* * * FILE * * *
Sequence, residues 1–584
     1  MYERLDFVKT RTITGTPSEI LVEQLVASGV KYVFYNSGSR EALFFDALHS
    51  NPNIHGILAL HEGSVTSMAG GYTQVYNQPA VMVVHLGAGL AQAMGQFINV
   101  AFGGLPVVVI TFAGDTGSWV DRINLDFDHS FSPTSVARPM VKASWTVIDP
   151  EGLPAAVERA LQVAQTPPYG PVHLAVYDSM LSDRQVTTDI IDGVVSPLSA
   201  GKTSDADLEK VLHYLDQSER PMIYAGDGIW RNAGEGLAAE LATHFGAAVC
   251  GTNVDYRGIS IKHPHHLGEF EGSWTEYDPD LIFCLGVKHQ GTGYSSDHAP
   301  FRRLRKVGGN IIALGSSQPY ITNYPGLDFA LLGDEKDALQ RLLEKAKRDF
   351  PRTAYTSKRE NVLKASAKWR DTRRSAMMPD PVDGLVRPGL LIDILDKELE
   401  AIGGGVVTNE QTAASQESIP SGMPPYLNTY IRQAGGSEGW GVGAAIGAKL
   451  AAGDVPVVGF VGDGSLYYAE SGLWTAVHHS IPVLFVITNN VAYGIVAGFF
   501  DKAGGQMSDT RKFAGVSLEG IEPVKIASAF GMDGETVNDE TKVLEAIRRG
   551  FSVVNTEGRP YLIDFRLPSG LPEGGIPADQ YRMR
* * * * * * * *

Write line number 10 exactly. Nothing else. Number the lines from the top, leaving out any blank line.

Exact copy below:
   401  AIGGGVVTNE QTAASQESIP SGMPPYLNTY IRQAGGSEGW GVGAAIGAKL